Lyme disease is a serious condition, which leaves thousands of individuals crippled and suffering, but does that mean our immune system somehow is inadequate to keep us safe from these spirochetes? The verdict may be mixed in regards to this question, as many natural health practitioners, naturopaths and acupuncturists advocate the conventional approach of doxycycline and other prolonged courses of antibiotics. But recently an interview with integrative medicine expert, Russell Jaffe, MD, PhD, CCN championed using a “physiology-first” approach to treating Lyme disease.
Sometimes it’s nice to be validated by our “MD” colleagues who agree that the body has the inherent and innate ability to self-heal, especially as it pertains to such a gnarly condition. And this is exactly what Dr. Jaffe spends 20 minutes discussing, that the body’s innate and acquired immune system is comprised of some 50 billion cells whose sole responsibility is to protect our body. When we have all of the antioxidants, cofactors, minerals, etc. there shouldn’t be an issue of getting rid of borrelia burgdorferi, or any other spirochete. Dr. Jaffe, supports a perspective that lyme disease/syndrome is a condition of a dysfunctional immune system, and that by addressing this underlying cause there is no reason why people should need to take antibiotics to treat lyme.
Antibiotics: Hurt More Than Help?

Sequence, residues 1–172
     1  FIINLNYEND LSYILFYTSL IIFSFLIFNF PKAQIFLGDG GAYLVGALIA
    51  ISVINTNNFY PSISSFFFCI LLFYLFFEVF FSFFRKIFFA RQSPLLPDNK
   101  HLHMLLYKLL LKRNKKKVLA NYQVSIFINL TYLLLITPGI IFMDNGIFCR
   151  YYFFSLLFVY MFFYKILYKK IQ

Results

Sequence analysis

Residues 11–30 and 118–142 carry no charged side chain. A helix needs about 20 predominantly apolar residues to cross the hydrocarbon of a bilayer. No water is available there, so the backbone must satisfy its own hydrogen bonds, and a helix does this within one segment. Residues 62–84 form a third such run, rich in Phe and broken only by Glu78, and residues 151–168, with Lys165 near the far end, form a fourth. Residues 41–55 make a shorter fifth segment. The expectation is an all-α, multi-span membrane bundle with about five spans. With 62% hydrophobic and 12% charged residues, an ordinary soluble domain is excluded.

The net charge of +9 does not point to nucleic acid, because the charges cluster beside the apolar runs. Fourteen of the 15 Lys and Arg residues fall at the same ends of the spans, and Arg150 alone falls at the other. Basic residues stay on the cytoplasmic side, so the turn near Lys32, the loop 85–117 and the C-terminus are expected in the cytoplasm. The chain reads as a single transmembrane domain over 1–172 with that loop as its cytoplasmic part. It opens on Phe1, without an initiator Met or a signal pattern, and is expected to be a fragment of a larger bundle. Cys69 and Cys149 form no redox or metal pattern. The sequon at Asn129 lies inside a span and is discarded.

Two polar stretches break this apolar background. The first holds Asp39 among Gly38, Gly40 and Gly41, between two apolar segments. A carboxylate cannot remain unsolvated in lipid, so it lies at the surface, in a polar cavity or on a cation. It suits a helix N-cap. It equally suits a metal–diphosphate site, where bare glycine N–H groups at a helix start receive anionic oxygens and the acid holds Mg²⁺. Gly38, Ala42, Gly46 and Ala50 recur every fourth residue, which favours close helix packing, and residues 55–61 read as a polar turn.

In fact, Dr. Jaffe actually theorizes that it is likely that the antibiotics could be perpetuating the disease process by adding gut dysfunction to the picture. As the gut microbiome is messed with, inflammation of the small intestine is more likely, and a process of increased intestinal permeability (“leaky gut”) initiated, which puts added strain on the already dysfunctional immune system. In this way, Small Intestinal Bacterial Overgrowth (SIBO) and other antibiotic induced gut function disorders may have a relationship with Lyme disease.
Address the Process
Treating Lyme disease as a process that needs to be addressed at a foundational level, proper nutrition and gut repair become mainstays of treatment. Initiating a diet that removes all food intolerances, allergies and sensitivities is mandatory. Dr. Jaffe also mentioned that living in harmony with one’s nature, physically, emotionally, and mentally is also of primary importance.
Node Smith, associate editor for NDNR, is a fifth year naturopathic medical student at NUNM, where he has been instrumental in maintaining a firm connection to the philosophy and heritage of naturopathic medicine amongst the next generation of docs. He helped found the first multi-generational experiential retreat, which brings elders, alumni, and students together for a weekend campout where naturopathic medicine and medical philosophy are experienced in nature. Three years ago he helped found the non-profit, Association for Naturopathic ReVitalization (ANR), for which he serves as the board chairman. ANR has a mission to inspire health practitioners to embody the naturopathic principles through experiential education. Node also has a firm belief that the next era of naturopathic medicine will see a resurgence of in-patient facilities which use fasting, earthing, hydrotherapy and homeopathy to bring people back from chronic diseases of modern living; he is involved in numerous conversations and projects to bring about this vision.